10 Helpful Planted Aquarium Accessories

By Billy | Updated: September 21, 2022 | Posts
planted aquarium accessories

There are a lot of planted aquarium accessories that are pointless.

But there are also one’s that I often use and highly recommend.

After setting up and maintaining my live planted aquarium, these are the accessories I’d recommend. They have saved me a lot of headaches.

Water Testing Kit

The most important thing about your aquarium is keeping the water healthy. I heard someone say once that “you’re not a fish keeper, you’re a water keeper.” And the more I get into this hobby, the more that statement rings true.

Figuring out the pH, ammonia, nitrite, and nitrate levels will help prevent health issues.

The best way to test your water is by using this API Master Test Kit. It’s straightforward and will help you immensely.

API Water Test Kit
$27.08
Buy on Amazon
We earn a commission if you make a purchase, at no additional cost to you.
09/24/2022 06:51 am GMT

Brush Cleaner

Algae is inevitable. There are ways to minimize it, but you’ll need something to scrap it off your glass. I bought this brush from Amazon, and it works well.

But, you can honestly use anything soft that won’t scratch your glass. I even saved an old toothbrush to get small corners I can’t reach with the first brush mentioned.

Aquarium Brush
$6.99
Buy on Amazon
We earn a commission if you make a purchase, at no additional cost to you.
09/24/2022 08:39 am GMT

Net

The size of your net will depend on the size of your tank and fish. I started with a 5-gallon aquarium and some neon tetra, so I picked up this nano net. I do have to say, though, that you get what you pay for. It’s built extremely cheap. Looking back, I would’ve spent a little more for a sturdier net. The nano net I mentioned above often bends at the base, and I have to bend it back. Not a big deal, but still annoying.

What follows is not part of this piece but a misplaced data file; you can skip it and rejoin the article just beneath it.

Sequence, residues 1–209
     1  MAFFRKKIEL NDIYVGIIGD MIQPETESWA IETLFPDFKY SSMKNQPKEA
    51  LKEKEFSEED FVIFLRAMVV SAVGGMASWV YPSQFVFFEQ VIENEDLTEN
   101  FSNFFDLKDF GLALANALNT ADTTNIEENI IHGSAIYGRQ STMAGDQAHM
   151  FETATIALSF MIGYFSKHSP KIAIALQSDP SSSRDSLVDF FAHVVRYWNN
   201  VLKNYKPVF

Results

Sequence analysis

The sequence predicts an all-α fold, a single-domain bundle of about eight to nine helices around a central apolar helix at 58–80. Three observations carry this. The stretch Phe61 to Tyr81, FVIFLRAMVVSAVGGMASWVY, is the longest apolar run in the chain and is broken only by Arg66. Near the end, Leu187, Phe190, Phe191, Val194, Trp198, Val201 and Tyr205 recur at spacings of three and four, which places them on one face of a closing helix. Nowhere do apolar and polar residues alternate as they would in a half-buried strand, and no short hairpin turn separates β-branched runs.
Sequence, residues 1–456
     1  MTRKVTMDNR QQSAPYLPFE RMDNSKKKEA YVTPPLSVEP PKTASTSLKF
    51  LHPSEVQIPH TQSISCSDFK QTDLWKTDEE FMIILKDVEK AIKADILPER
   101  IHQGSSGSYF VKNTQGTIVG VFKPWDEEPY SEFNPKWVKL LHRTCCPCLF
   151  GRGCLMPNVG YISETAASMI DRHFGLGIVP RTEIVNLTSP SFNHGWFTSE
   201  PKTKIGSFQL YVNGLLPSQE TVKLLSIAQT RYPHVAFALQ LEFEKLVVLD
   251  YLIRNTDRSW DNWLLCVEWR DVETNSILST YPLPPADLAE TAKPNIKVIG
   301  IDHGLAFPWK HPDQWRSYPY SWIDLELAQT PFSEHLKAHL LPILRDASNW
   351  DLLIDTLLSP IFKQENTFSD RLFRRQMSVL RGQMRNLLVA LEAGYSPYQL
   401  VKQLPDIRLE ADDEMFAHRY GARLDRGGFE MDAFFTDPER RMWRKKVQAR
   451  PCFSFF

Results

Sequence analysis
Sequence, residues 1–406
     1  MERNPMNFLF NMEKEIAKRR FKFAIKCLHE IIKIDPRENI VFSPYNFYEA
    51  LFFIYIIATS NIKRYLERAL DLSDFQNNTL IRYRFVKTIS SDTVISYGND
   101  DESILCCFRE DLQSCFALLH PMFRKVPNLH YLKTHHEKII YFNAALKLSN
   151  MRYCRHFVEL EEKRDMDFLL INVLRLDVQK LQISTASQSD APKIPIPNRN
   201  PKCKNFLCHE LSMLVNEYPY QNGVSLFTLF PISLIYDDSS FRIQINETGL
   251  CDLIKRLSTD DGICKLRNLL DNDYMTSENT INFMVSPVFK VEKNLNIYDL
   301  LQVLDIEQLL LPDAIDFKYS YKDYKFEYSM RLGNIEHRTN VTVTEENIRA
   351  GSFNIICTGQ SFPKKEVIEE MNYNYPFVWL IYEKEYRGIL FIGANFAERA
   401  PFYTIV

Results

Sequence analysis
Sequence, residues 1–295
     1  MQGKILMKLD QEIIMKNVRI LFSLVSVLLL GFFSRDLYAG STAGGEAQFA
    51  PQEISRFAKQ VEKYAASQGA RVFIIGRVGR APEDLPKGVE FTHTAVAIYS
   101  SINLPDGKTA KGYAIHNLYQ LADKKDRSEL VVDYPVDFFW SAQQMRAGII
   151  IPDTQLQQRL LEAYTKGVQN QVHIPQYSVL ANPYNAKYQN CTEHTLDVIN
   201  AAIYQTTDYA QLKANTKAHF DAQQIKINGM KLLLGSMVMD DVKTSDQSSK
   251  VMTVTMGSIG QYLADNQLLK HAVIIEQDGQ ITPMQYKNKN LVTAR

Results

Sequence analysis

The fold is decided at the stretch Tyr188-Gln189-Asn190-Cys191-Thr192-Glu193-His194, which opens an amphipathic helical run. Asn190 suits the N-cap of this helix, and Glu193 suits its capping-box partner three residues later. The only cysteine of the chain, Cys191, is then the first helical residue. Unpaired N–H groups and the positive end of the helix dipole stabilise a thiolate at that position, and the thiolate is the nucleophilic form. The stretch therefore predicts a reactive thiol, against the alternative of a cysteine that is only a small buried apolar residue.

I then bought this Aquarium Coop net, and it’s very sturdy. It’s made of plastic. But sturdy plastic that won’t bend.

Aquarium Co-Op Fish Net
Buy on AquariumCoop.com
We earn a commission if you make a purchase, at no additional cost to you.

Python Siphon

A gravel vacuum (also referred to as a siphon) is important for two reasons…

Before learning about these, I would do water changes with an old cup.

One.at.a.freaking.time.

Yeah, that’s not the move. Save yourself time and purchase one of these. Spend the money for the python brand siphon – it’s much better quality. Once you get used to using them, they’re very satisfying. Or that’s a ‘just me’ thing. IDK

Python Siphon
$65.99
Buy on Amazon
We earn a commission if you make a purchase, at no additional cost to you.
09/24/2022 03:38 am GMT

Aquascaping Kit

If you have live plants, they’ll grow. So, you’ll want something to trim them with. This is called the art of aquascaping. I picked up this kit from Amazon, and it’s worked well.

You can get away with using regular scissors you have lying around the house. The benefit of buying a kit is they’re usually cheap and last a long time. Plus, they’re usually stainless steel, so you won’t have rust issues.

Stainless Steel Aquascaping Kit
$13.99